mardi 25 janvier 2022
mercredi 19 janvier 2022
History Secret - Part Four
After we did the first filming with Excalibur, we got some work to do because the script kind of mention that there will be banners for the next episode with him.
So we did one.
Excalibur was not impressed.
Some other horses were...
It was the case of Quirian, my friend Sabrina horse... wich was supposed to be on the same filming. So he got some banner time too.
Then it was ok for both of them and we were "ready".
Next day, we headed back to Digoine Castle with the two stars of the day.
We got costumes for them...
Quirian beeing taller and the most experienced horse got the honor of the horse cover, but both matched together with medieval saddle and most looking historic bridles. They looked just.. dashing!
Before the actors takes their places on horseback, we played a bit in the castle garden. We wanted to be sure none of them will spook with that horse cover flying in the wind, but mostly we wanted to play a bit. That's not everyday that you can ride a medieval horse ;)
As both horses were okay with the gear...
It was time to let them play!
Do you have guessed of wich historic characters they were going to be the charger?
Richard the Lionheart, for Quirian and... Philippe Auguste, King of France for Excalibur.
And now, you want to know if the King of France could have got an appaloosa in medevial time, right?
Maybe this time my answer is a bit more complex than usual...
Middle Age had spotted horse, they were some before and they were some after... So they should have been some in between. But probably less, in regard of the records we have.
It seems that spotted horses lost in popularity during middle age, you can see that because they are barely no spotted horses on medieval paintings and sources...
Though they are some... if you search after it.
But you'll found a spotted horse mostly as the horse of Death (one of the four horsemen of apocalypse). Culture and religion may have pushed the idea that they were a death omen.
And then, have them decline because of popular belief.
But in reality, we don't really know for sure why spotted horse lost their popularity. Probably because fashion and trends comes and goes too.
BUT I managed to found evidence of spotted horse in chevalry...
(c.1445-c.1450 Knights Jousting from Sir Thomas Holme’s Book of Arms)
And even somethin' that looks like one maybe two spotted horses, in a very close reference to Richard the Lionheart, a depiction of... his mother!
So would Philippe Auguste, King of France been riding a spotted horse? Probably not, but there's a really thin chance that yes. In any case my searchs cannot confirm a firm no.
And if you are wonderin' why we choose Excalibur for the role, knowing it wasn't the most historic choice? Well because he was, after Quirian, the best horse we had for such a filming that could have been spooky. We choose a solid minded horse, for the actor safety.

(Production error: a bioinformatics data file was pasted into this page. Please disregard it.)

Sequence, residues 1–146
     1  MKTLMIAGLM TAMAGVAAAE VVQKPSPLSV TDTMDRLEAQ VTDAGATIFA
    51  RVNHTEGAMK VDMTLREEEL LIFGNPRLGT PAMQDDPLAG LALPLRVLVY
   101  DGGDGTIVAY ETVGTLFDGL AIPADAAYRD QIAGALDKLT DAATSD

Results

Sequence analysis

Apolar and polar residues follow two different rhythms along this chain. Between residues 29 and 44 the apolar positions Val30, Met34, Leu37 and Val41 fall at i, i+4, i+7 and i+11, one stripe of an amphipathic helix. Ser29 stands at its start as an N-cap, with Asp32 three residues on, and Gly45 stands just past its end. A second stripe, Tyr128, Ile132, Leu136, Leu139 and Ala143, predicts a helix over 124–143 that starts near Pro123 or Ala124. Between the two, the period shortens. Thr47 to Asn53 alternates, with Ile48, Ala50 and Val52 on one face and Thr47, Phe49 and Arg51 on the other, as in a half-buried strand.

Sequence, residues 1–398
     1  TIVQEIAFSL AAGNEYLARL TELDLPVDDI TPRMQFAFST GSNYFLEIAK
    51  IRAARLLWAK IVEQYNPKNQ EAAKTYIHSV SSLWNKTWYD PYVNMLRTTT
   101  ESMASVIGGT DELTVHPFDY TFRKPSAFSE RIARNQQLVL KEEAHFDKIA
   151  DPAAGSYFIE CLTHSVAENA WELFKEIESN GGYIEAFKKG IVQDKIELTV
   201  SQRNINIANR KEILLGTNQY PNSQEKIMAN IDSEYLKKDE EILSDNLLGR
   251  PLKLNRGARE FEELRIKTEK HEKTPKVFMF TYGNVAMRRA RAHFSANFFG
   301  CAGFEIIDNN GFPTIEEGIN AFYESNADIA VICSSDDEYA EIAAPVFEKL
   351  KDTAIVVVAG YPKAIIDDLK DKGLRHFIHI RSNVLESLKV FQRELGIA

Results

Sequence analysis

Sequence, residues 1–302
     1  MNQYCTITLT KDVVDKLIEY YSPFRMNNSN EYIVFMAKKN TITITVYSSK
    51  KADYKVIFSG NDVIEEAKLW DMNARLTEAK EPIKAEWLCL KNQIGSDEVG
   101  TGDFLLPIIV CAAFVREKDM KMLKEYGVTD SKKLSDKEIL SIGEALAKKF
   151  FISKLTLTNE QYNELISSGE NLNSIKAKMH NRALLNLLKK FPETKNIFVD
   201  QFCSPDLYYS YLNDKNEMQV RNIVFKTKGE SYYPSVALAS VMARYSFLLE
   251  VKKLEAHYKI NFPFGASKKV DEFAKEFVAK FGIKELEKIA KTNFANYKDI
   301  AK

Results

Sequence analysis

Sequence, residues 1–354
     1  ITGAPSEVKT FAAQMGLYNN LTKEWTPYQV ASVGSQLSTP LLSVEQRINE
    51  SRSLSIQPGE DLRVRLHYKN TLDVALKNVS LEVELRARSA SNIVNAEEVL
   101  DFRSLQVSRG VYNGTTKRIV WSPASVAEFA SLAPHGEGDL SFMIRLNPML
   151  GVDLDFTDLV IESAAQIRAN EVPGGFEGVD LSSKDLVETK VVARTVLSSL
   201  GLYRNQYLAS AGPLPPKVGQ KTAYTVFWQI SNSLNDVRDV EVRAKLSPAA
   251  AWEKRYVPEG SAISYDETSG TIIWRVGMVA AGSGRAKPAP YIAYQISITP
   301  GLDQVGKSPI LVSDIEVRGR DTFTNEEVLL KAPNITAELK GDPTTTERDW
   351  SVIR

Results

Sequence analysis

Here's a sculpture of Richard the Lionheart...
And a painting of Philippe Auguste, King of France (the guy in blue on the white horse in the middle of the battle)
Sorry, founding reliable pictures of medieval figures is hard. Most of the time, you only found romantic paintings of those legendary character, like this one... Who depict Richard the Lionheart (on the champagne dilute-like horse) and Philippe Auguste (on the white horse) at St Jean d'Acre during crusades.
I've kept that picture for the end, just because I wanted to speak about THAT RIDICULOUS banner in regard of what we expected...
Speaking of romantic view of the middle age, guess what? There's a huge presence of spotted horses on them, so here's some. After seeing thoses picture, you would just agree with me that Excalibur isn't such a bad color choice for a romanced history ;)
Thanks to Clémentine for thoses ;)
mardi 18 janvier 2022
How to spot spotted horses for sure in paintings...?
So let's be clear, here's how I determine if I have dapples or spots in front of me ON A PAINTING (this is not an article about genetic, it's about what is drawn in front of me, right?!)
It's a SPOTTED appaloosa horse...
-If the horse have a light base and dark spots.
-If the horse have a dark base but white and/or spotted bump.
-If the horse have a black base but light spots on (snowflake).
-If the horse may have really solid appaloosa vibes like dark color around the bones zone of it's body.
It's a DAPPLE horse if...
-If the horse have a dark base and light spots. Usually base would be grey or brown.
-If the horse have a medium/light base with white spots.
So in my view, that's a dappled horse:
|Johann Georg Von Hamilton (1672-1737): Portrait of a dappled horse from the stud at Eisgrub performing the Levade|
So let's define a new spotted color...
It's a spotted PAINT horse...
(With my logic: Spotted "Appaloosa" Horse)
My head explose. I really sees an appaloosa, but I may really want to see one where they are only a roan one. We will never know.
-If it's a dapple grey going white.
(With my logic: Spotted "Appaloosa" Horse)
When I was a child, my father always told me that he loved the fact that for horses, that loves apples, the dapple carryied their own apple. (it works in french too: apple = pomme / dapple = pommelé)
I'm also glad to have found so many historic spotted horses references.
(With my logic: Three Spotted "Appaloosa" Horse / one flaxen chestnut, one dilute (palomino or cream), one "Grey", two Spotted "Paint" horses)